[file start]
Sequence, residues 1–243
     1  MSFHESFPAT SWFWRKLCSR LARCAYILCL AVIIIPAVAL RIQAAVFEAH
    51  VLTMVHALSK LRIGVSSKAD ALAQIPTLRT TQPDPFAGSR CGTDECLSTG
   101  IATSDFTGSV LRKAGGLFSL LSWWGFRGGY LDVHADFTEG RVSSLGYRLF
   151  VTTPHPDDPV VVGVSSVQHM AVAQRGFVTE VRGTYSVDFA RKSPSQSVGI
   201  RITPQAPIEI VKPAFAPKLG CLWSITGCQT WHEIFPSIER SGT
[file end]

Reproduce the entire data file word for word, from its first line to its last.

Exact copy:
Sequence, residues 1–243
     1  MSFHESFPAT SWFWRKLCSR LARCAYILCL AVIIIPAVAL RIQAAVFEAH
    51  VLTMVHALSK LRIGVSSKAD ALAQIPTLRT TQPDPFAGSR CGTDECLSTG
   101  IATSDFTGSV LRKAGGLFSL LSWWGFRGGY LDVHADFTEG RVSSLGYRLF
   151  VTTPHPDDPV VVGVSSVQHM AVAQRGFVTE VRGTYSVDFA RKSPSQSVGI
   201  RITPQAPIEI VKPAFAPKLG CLWSITGCQT WHEIFPSIER SGT